Who To Call First
Whether you received a 2am phone call with news of an unexpected death or shared your loved one's final moments of a long illness, your initial reaction to the death is shock. It doesn't seem to matter how prepared we are. a loved one's death often leaves us feeling numb and bewildered. If you're responsible for making the funeral arrangements or executing the will, shock and grief can be immobilizing. Even simple decisions can be overwhelming.
Making the first phone calls
What to do first depends on the circumstances of the death. When someone dies in a hospital or similar care facility, the staff will usually take care of some arrangements, such as contacting the funeral home you choose, and if necessary, arranging an autopsy. You will need to notify family, friends and clergy. It may be easier on you to make a few phone calls to other relatives or friends and ask each of them to make a phone call or two to specific people, so the burden of spreading the news isn't all on you. If you are alone, ask someone to keep you company while you make these calls and try to cope with the first hours after the death.
Call a funeral director
Whatever the circumstances of death, one of your first calls should be to a licensed funeral director. Cole Funeral Services can help you with arranging:
- transportation of the body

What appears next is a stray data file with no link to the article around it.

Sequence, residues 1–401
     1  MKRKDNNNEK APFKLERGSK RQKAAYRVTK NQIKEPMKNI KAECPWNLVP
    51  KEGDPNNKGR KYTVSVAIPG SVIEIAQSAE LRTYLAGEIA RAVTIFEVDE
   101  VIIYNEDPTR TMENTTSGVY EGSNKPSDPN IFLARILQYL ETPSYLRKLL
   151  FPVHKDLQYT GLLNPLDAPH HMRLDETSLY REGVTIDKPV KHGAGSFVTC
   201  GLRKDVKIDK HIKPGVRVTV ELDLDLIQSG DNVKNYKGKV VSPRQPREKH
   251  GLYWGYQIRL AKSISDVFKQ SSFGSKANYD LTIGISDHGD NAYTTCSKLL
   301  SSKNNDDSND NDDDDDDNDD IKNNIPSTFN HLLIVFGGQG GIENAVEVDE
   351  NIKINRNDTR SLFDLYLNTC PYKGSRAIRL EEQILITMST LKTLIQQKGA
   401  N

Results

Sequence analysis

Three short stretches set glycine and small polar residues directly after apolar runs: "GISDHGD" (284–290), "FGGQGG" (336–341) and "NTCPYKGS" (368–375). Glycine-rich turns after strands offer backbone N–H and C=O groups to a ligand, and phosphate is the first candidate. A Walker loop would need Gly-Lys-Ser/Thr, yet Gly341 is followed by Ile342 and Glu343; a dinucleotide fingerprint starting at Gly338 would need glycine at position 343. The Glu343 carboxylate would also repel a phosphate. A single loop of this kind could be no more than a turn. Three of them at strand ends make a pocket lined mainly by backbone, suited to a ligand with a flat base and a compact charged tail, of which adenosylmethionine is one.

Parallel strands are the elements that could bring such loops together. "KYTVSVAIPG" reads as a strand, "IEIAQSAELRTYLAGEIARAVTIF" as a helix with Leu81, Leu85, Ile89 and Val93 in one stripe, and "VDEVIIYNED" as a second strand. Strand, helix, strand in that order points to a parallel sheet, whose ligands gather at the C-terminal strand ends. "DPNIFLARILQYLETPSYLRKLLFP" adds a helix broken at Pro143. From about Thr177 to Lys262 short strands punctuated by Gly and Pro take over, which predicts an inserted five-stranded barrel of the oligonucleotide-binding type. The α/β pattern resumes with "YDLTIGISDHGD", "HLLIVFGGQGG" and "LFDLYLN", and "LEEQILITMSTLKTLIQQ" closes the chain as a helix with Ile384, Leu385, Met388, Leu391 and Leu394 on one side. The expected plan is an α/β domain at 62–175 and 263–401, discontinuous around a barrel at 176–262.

- obtaining a death certificate
- selecting a casket, urn and/or grave marker
- arranging the funeral, memorial and/or burial service
- preparing the obituary
- helping you notify the deceased's employer, attorney, insurance company and banks
- offering grief support or direct you to other resources
Call the employer
If your loved one was working, you'll need to call his or her employer immediately. Ask about the deceased's benefits and any pay due, including vacation or sick time, disability income, etc. Ask if you or other dependents are still eligible for benefit coverage through the company. Ask whether there is a life insurance policy through the employer, who the beneficiary is and how to file a claim.
Call the life insurance company
Look through the deceased's paperwork for the life policy. Call the agent or the company and ask how to file a claim. Usually the beneficiary (or the beneficiary's guardian, if a minor) must complete the claim forms and related paperwork. You'll need to submit the death certificate and a claimant's statement to establish proof of claim. Remember to ask about payment options. You may have a choice between receiving a lump sum or the having the insurance company place the money in an interest-bearing account upon which you may draw.
First Steps After Death
Nothing adequately prepares us for the initial shock of losing a loved one to death. Feelings of panic and helplessness may be overwhelming, but it's important to know that you are not alone. Start by taking care of yourself and surrounding yourself with family, friends and professionals upon whom you can rely for support.
Notify family and friends. Call immediate family members first, parents, children, siblings and grandparents of the deceased, no matter what time of day. Grief researchers say those close to the deceased feel left out if they aren't told about death immediately.